Today Americans celebrate their nation's birthday, the official day when the United States separated from Britain and became a new nation.
But when Erie County residents were asked Tuesday to sign the Declaration of Independence, our nation's most famous document, only one in 10 would do so.
Reviving an old prank, I printed out the text of the Declaration of Independence and attached it to a clipboard with a place for signatures. I put a couple of blank sheets in the back so I could write down all of the patriotic comments I got.
I stationed myself late Tuesday morning in front of the Sandusky Library. Before I was booted off library property, I managed to approach about 20 people. Two signed my petition. Nobody seemed to recognize what they were being asked to sign.
I didn't ask people "Would you like to sign the Declaration of Independence?" I wanted to see if anyone would recognize the nation's founding document.
But I didn't cheat, either. I asked, "Would you like to sign a petition for political independence?" I figured that might ring a few bells on July 3.
Then I showed them the beginning of the document I was asking them to sign. At the top, it said, "IN CONGRESS, JULY 4, 1776. The unanimous Declaration of the thirteen united States of America."
Some people didn't stop long enough to see what I had, but many did. If they would pause, I tried to make sure they saw the first paragraph, the one that begins, "When in the Course of human events ..."
I also wanted them to see the second, which starts, "We hold these truths to be self-evident, that all men are created equal, that they are endowed by their Creator with certain unalienable Rights, that among these are Life, Liberty and the pursuit of Happiness."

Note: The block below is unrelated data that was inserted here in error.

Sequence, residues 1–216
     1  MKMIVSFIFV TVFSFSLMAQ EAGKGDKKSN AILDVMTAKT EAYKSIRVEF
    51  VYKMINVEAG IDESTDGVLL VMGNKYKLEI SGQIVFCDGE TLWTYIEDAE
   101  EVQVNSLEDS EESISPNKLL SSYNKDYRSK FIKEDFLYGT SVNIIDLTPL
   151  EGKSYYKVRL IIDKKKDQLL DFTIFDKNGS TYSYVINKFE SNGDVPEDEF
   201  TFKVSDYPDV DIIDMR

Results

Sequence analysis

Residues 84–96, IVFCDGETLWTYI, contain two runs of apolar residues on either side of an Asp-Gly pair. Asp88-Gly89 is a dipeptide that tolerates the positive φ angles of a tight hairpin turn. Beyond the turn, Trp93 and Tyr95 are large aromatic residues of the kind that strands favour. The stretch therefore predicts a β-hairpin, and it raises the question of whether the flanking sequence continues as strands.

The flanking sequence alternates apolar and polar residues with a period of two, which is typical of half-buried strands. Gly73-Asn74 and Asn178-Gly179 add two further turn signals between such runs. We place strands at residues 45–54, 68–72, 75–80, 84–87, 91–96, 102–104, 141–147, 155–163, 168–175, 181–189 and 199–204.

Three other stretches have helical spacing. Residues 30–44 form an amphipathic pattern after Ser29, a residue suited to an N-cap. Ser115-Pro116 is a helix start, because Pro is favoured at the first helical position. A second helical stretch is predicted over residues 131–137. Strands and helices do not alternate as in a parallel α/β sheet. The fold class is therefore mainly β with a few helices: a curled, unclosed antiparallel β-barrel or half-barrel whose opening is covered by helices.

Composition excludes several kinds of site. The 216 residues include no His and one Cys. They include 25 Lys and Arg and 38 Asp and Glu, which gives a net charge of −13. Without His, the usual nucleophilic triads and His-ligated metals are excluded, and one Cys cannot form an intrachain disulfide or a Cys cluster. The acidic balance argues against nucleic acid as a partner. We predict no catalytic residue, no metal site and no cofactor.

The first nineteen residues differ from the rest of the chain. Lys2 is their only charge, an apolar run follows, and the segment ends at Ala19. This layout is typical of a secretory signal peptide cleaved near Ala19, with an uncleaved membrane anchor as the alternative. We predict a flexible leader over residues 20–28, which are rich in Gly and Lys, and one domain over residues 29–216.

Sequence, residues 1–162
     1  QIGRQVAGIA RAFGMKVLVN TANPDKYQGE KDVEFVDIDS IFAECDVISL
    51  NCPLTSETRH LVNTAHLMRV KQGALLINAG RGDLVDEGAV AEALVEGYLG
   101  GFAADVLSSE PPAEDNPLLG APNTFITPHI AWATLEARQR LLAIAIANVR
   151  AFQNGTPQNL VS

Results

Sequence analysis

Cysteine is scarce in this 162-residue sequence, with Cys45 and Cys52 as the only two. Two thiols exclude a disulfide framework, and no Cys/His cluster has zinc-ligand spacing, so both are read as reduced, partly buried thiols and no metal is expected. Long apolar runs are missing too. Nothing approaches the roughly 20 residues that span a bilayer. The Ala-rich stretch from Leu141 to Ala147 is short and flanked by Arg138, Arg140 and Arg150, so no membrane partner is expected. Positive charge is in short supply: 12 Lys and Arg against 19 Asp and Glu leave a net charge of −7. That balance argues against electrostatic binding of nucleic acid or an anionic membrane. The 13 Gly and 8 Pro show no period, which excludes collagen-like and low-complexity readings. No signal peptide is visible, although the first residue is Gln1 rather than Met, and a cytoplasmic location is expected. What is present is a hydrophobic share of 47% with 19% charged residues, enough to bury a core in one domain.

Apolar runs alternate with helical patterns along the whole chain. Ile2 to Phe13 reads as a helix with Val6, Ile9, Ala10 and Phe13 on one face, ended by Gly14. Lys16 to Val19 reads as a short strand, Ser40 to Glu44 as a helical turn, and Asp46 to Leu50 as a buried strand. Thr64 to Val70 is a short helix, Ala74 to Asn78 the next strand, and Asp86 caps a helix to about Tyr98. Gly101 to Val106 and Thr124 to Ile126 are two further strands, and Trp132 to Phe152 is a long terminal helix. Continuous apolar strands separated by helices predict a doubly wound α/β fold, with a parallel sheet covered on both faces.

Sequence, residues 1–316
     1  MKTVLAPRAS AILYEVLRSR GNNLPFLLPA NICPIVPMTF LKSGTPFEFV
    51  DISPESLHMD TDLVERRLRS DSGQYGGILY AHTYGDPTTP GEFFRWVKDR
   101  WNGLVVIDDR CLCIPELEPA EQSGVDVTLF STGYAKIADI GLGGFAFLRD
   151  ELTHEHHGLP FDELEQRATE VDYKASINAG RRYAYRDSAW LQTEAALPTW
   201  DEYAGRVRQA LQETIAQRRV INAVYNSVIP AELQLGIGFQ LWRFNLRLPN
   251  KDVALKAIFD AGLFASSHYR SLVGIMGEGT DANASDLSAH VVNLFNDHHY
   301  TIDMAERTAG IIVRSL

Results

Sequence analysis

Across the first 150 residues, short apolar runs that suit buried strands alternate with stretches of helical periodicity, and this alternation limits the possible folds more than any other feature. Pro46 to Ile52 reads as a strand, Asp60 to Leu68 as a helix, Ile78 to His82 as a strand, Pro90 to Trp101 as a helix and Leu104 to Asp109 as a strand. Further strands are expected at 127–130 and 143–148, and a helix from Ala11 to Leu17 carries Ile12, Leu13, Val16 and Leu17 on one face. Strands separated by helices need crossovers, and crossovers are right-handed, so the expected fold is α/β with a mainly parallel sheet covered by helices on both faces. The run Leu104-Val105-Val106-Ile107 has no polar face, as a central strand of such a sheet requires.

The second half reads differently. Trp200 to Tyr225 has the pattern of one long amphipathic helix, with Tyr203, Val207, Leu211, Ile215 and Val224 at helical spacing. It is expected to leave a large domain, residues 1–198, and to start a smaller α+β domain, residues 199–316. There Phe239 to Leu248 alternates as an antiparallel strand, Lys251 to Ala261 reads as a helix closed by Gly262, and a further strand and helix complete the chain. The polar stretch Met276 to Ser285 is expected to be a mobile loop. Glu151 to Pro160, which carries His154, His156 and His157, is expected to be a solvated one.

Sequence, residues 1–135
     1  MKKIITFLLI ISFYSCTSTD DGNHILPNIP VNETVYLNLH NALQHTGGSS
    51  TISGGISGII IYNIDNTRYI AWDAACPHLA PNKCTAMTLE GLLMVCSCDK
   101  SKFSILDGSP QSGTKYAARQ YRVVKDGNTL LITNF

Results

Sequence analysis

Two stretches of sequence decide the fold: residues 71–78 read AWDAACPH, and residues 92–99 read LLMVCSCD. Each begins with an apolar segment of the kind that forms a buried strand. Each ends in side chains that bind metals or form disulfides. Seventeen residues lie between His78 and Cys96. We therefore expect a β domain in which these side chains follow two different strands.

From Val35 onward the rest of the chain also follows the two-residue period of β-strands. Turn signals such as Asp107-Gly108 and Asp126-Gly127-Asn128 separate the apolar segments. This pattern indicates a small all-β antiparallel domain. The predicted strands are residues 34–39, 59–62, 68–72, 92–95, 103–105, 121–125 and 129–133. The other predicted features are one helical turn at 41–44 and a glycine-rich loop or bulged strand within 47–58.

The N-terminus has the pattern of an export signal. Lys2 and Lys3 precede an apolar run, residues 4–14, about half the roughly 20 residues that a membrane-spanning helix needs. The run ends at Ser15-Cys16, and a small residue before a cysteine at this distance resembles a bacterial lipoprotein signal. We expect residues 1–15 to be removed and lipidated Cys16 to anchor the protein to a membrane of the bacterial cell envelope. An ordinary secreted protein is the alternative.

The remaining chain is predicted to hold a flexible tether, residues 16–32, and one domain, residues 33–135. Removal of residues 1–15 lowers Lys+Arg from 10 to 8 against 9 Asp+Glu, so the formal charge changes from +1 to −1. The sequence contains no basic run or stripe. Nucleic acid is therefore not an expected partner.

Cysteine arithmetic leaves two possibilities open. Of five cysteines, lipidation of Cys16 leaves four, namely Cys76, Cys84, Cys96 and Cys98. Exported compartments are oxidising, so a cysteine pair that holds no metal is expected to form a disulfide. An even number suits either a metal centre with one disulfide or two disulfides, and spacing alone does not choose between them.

The first person who looked at my petition wanted to know, "What are you trying to accomplish?"
After he read the first few sentences of the Declaration, he turned me down, saying, "We no longer live in a free society. I'd hate to see that backlash on me."
The second person I approached, LaJuan Owen of Sandusky, accepted my pen and signed.
"I read the first paragraph and liked it," she said.
Christy Emrick of Sandusky also signed. She said she recognized "bits and pieces" of the document.
One man asked me, "What the (heck) is that?" When I showed him, he said, "No, I'm not interested."
Others simply said no. Many looked at my petition, without appearing to notice anything of interest.
The document I was asking local citizens to sign was adopted July 4, 1776, by the Second Continental Congress to announce and explain why the original 13 colonies were separating themselves from Britain and declaring independence. It listed a long set of grievances against the government of Great Britain.
My attempt to stir up sentiment against King George III ended when the library director, Julie Brooks, asked me to leave. I was standing outside the library, near the entrance.
"This is not public property right here," she said.
Brooks called me at the newspaper later to ask what I was doing. When I explained I was trying to get people to sign the Declaration of Independence, she laughed and said, "Sorry." Solicitations are not allowed in front of the library, she explained.